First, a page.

Example 1

In example 1, the intent of the odorant in combination with the audiovisual scheme is to invoke hunger, or perception of hunger in a target group. In conjunction with the odorant formulation of certain familiar food odors, such as the odor of grilling steak, frying chicken, popcorn, or the like, an audiovisual message is produced that may contain accompanying sounds that simulate the frying process or the eating process. The resultant effect is to initiate a salivatory gland response, which makes the target individual (s) susceptible to a secondary behavioral request, such as moving to another location.

The following odorant composition was prepared at ambient temperature without the manipulation of temperature, under ambient atmosphere and at atmospheric pressure, according to the following formulation:

synthetic popcorn odor 750 ml
3-methylindole  10 ml
cottonseed 200 ml

TABLE 1
Matrix of potential odorants, audiovisual inputs, and likely
physiological or psychological response.
PHYSIOLOGICAL
ODORANT AUDIOVISUAL INPUT RESPONSE
Medicinal movement locations awareness, focus
foods (odors of frying surrender appeals, meal hunger
steak, chicken, bread locations
baking)
crayons, floral scent sounds of children; loneliness, sadness
baby crying
surrender appeals
chlorine-like water dripping, ocean thirst
sounds, information on
locations of water
cherries yawns, lullabies sleepiness
surrender appeals
pine, bayberry Christmas carols homesickness
phereomones seductive appeals arousal, lust

OTHER REFERENCES

  • Witten et al., “Malodorous Substances as Riot Control and Troop Training Agents”, Edgewood Arsenal Technical Report EATR 4370, March 1970, 30 pages.
  • Coppernoll, Margaret-Anne, “Ethical and Legal Principles Concerning The Use of Non-Lethal Weapons”, National Security Affairs Website
    <http://nsa.nps.navy.mil/publications/micewski/coppernall.htm> (visited Dec. 5, 2000) unknown publication date, 18 pages.
  • Lewer, Nick et al.; “Non-Lethal Weapons: A Fatal Attraction?”; Zed Books Ltd., 1997; p. 13.
  • Siniscalchi, Joseph; “Non-Lethal Technologies: Implications For Military Strategy”; Air War College Website <http://www.au.af.mil/au/database/research/ay 1997/awc/97-177.htm> (visited Dec. 5, 2000) unknown publication date, internal date April 1997; 75 pages.
  • Hirsch, Alan R., USP 5, 904, 916; May 18, 1999. ‘Use of Odorants to alter learning capacity’.
  • J. R. King, “Anxiety Reduction Using Fragrances,” in The Psychology and Biology of Fragrance, pp. 147-165, Van Toller & Dodd (eds.) Chapman and Hall, Ltd, London (1988).
  • A. R Hirsch, ‘Enhancement of Learning with a Floral Odor’, APA Annual Meeting Philadelphia, Pa., May 21-26, 1994, AbstractNo. NR 655, p227.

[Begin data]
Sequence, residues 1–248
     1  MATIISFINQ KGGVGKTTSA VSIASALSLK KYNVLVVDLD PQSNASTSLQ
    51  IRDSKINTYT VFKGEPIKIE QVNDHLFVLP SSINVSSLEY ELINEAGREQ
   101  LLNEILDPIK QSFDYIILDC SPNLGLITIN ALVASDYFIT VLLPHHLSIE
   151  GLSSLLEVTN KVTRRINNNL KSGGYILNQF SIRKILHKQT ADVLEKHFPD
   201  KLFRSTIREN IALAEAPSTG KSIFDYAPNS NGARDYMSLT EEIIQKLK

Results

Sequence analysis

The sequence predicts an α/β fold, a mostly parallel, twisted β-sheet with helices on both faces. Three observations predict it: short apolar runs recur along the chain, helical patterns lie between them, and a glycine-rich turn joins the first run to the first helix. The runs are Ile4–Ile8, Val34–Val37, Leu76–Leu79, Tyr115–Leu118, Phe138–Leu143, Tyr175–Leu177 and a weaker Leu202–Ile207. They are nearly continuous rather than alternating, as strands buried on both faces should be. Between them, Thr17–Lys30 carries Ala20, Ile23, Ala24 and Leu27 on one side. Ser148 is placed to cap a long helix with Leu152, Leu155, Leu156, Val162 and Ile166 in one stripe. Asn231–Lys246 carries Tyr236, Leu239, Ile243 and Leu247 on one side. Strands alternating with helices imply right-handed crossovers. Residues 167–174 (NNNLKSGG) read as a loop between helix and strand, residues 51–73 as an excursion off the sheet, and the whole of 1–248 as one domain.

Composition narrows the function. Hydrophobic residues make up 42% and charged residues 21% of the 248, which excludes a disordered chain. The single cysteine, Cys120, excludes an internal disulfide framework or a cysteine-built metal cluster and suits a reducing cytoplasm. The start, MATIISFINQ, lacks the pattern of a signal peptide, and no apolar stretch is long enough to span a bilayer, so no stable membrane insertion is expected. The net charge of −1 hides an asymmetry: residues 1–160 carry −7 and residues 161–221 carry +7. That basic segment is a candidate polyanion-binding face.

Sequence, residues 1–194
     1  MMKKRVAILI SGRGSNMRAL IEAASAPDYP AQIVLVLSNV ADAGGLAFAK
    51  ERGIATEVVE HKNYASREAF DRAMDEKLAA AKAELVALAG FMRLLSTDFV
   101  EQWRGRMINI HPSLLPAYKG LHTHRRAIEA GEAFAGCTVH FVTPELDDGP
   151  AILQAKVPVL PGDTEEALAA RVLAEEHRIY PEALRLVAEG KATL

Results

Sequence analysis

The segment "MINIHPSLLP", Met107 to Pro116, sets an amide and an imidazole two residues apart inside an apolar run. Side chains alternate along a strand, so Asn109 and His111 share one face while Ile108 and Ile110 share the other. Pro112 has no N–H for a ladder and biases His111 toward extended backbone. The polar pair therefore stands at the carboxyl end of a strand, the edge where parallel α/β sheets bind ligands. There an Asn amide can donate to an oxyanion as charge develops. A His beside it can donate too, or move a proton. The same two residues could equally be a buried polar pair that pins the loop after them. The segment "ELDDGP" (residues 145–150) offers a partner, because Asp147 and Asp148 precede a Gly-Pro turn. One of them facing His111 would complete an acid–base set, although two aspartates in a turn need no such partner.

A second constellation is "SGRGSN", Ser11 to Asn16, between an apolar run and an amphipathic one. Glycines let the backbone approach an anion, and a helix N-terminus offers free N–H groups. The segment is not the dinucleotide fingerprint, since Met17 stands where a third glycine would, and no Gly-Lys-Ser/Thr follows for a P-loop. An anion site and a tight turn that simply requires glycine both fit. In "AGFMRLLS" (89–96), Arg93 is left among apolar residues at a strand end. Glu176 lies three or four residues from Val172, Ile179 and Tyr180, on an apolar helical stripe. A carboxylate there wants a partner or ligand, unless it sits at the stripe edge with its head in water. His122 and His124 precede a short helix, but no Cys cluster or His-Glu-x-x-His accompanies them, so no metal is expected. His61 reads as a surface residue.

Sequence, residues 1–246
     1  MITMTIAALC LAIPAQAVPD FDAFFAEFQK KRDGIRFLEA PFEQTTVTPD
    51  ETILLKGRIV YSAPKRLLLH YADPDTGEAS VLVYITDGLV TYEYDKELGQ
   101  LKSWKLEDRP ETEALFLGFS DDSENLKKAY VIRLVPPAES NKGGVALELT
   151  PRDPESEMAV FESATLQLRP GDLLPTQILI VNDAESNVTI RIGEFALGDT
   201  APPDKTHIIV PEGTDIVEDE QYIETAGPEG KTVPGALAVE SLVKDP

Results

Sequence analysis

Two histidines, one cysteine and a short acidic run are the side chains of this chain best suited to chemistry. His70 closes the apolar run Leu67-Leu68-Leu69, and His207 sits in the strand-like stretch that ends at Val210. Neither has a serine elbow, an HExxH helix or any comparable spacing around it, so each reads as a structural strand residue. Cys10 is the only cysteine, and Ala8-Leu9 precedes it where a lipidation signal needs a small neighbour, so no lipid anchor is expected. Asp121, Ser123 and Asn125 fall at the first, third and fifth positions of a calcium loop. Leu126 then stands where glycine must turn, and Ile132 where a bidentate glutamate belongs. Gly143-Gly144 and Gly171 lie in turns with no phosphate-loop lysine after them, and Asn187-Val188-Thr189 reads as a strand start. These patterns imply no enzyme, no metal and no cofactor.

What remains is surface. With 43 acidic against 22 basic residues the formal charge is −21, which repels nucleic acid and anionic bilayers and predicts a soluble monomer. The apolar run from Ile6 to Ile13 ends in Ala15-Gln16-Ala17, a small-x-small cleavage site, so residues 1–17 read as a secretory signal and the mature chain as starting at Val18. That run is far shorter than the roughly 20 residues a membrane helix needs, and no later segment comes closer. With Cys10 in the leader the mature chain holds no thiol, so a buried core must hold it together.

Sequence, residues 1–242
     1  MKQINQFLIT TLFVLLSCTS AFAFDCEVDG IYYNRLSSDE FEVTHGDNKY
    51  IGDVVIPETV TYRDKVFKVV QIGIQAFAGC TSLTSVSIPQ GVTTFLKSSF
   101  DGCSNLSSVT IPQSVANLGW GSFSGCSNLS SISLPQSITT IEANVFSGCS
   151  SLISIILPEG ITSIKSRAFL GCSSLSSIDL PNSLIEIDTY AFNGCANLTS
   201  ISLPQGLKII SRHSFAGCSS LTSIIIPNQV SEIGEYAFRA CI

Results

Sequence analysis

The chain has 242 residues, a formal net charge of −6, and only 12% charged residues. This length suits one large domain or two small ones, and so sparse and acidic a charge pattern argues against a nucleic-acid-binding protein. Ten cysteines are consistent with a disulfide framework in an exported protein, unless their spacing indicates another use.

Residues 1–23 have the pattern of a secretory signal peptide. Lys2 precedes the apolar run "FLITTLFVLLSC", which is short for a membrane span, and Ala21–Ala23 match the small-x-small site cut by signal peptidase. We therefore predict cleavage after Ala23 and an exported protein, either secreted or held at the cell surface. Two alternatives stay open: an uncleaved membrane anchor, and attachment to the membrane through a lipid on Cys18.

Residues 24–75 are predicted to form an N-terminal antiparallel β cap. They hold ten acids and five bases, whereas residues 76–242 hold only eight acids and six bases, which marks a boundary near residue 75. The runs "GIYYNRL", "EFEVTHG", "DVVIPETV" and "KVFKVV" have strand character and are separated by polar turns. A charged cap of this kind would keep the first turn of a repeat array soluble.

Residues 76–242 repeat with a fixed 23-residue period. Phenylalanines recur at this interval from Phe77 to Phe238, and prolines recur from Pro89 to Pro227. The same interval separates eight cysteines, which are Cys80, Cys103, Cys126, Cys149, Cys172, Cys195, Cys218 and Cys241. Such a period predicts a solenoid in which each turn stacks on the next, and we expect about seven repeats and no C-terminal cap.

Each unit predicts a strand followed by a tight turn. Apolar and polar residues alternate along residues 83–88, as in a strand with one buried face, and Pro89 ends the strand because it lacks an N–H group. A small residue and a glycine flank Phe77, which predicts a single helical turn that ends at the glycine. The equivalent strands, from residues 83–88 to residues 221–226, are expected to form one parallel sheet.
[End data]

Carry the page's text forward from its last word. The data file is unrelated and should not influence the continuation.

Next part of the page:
• A. R. Hirsch and L. H. Johnson, ‘Odors and Learning’, The 17th Annual Meeting of the American Academy of Neurological and Orthopaedic Medicine and Surgery, Las Vegas, Nevada Sep. 11, 1993, 35 pp.
Patent Citations
Cited PatentFiling datePublication dateApplicantTitle
US4392432 *Feb 28, 1980Jul 12, 1983Her Majesty The Queen In Right Of Canada, As Represented By The Minister Of National DefenceAir burst munitions simulator
US4582492 *Feb 19, 1985Apr 15, 1986S. C. Johnson & Son, Inc.Method for behavior modification using olfactory stimuli
US4667601 *Aug 28, 1985May 26, 1987George B. DiamondLaunchable aerosol grenade
US4893615 *Jul 24, 1987Jan 16, 1990Lioutsia KhabirovaIn a controlled environment enclosure
US5904916 *Mar 5, 1996May 18, 1999Hirsch; Alan R.Enhancers; administering mixed foral odorants; rehabilitation of patients diagnosed with pathologically induced learning disabilities
US5999105 *Apr 30, 1998Dec 7, 1999Gordon; Gary M.Multiple sensory message center apparatus
US6041737 *Dec 31, 1998Mar 28, 2000Hennigan; Michael RossLitter box trainer
US6242489 *Mar 2, 1999Jun 5, 2001Ecological Technologies CorporationMalodorant compositions
US6273027 *Nov 24, 1999Aug 14, 2001John S. WatsonAutomatic training device and method
US6282458 *Jul 30, 1999Aug 28, 2001Ricoh Company, Ltd.Methods and systems for controlling olfactory stimuli
US6352032 *Jul 27, 2000Mar 5, 2002Ecological Technologies CorporationMalodorant compositions, related non-lethal weapon systems, and methods of their use
US6386113 *Jul 27, 2000May 14, 2002Ecological Technologies CorporationNon-lethal weapon systems
US6484062 *Nov 30, 1999Nov 19, 2002Hyun KimComputer system for stress relaxation and operating method of the same
US6683044 *Sep 15, 2000Jan 27, 2004Gerald V. ArienzoAnimal scent lure and delivery system
US20020081341 *Aug 30, 2001Jun 27, 2002Cheryl SottAromatherapists can customize formulations by personality and preference analysis
US20020135739 *Feb 26, 2002Sep 26, 2002Gary StandardIntegrated, adaptable theater, club and multiplex
US20030054049 *Jun 20, 2001Mar 20, 2003Ken ShojiStress relieving perfume and stress relieving perfume compositions containing the same
US20040064995 *Oct 7, 2002Apr 8, 2004Gilmore Lance F.Animal lure scent solution, dispenser and method
GB2345635A * Title not available
Classifications
U.S. Classification102/502, 424/84, 102/367, 102/293
International ClassificationF42B12/50
Cooperative ClassificationF42B12/50
European ClassificationF42B12/50
Legal Events
DateCodeEventDescription
May 19, 2009FPExpired due to failure to pay maintenance fee
Effective date: 20090329
Mar 29, 2009LAPSLapse for failure to pay maintenance fees
Oct 6, 2008REMIMaintenance fee reminder mailed